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Senior Murdoch exec resigns over Wall Street Journal 'circulation scam'

Allegations in the Guardian newspaper have forced Andrew Langhoff to step down.

Image: Mary Altaffer/AP/Press Association Images

A SENIOR EXECUTIVE in Rupert Murdoch’s media empire has been forced to resign over allegations in the Guardian newspaper of a circulation-boosting scam at the Wall Street Journal (WSJ).

The Guardian’s Nick Davies reports that 31,000 out of the 75,000 European edition WSJs were in effect sponsored by companies who paid low prices for the newspapers and then gave them out to students for free.

The paper also alleges that companies who took part in the scheme were given favourable editorial by the paper which eventually ended up buying copies of its own editions when one of the sponsors threatened to pull out.

The allegations have led to the resignation of Andrew Langhoff, the managing director of the European operation of Dow Jones and Co which is the parent company of the paper owned by Murdoch.

The allegations are also likely to further damage Murdoch whose News Corporation has been under fire over the phone hacking scandal in the UK.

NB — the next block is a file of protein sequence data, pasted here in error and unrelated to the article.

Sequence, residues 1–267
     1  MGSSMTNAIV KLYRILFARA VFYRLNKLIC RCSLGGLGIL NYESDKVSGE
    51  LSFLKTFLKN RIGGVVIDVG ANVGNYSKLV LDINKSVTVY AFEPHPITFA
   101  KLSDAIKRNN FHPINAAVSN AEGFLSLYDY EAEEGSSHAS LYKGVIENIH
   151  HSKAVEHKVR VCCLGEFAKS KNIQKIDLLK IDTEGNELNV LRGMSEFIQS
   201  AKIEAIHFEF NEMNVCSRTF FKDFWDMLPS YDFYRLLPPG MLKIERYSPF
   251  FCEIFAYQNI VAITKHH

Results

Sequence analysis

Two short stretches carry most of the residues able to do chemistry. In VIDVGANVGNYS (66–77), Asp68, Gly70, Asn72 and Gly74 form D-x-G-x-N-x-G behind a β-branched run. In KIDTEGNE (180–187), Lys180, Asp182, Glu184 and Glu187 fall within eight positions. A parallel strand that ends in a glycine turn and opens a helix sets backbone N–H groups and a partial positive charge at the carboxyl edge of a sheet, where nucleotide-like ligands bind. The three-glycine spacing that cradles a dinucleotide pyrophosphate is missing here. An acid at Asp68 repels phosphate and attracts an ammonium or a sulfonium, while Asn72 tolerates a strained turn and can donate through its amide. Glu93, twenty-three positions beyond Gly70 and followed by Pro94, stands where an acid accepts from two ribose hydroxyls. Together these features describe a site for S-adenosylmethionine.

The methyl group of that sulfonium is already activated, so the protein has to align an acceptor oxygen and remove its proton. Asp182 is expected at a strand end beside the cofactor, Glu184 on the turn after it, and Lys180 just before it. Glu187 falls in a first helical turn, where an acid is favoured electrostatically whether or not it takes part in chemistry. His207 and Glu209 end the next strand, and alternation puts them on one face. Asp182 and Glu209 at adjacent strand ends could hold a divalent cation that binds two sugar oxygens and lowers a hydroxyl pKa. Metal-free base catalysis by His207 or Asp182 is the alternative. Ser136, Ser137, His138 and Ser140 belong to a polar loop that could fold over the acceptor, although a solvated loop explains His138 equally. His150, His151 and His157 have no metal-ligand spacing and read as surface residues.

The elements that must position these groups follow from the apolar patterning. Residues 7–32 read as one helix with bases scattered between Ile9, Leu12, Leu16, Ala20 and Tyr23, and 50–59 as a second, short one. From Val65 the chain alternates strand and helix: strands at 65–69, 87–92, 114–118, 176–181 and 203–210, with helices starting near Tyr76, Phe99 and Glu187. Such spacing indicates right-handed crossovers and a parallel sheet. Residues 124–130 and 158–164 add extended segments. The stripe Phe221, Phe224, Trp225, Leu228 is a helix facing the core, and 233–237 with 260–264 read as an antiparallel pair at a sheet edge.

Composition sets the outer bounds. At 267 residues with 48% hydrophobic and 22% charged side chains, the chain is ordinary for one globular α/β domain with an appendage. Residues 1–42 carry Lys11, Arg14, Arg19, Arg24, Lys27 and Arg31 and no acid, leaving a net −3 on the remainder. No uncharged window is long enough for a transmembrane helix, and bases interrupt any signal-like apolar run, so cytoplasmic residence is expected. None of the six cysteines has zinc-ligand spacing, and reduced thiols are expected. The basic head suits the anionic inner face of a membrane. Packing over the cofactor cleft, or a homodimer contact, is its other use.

The Guardian further reports that the incident will add weight to the belief amongst some shareholders that News Corp has become what it terms a ‘rogue corporation’.

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The Wall Street Journal reported the resignation of Andrew Langhoff, managing director of Dow Jones and Co in Europe, Africa and the Middle East, this week but said only that the resignation was a result of an investigation into two published articles which featured a company contractually linked to the paper’s circulation department.

Read more on this story in The Guardian >

Read more about the hacking scandal >

About the author:

Hugh O'Connell

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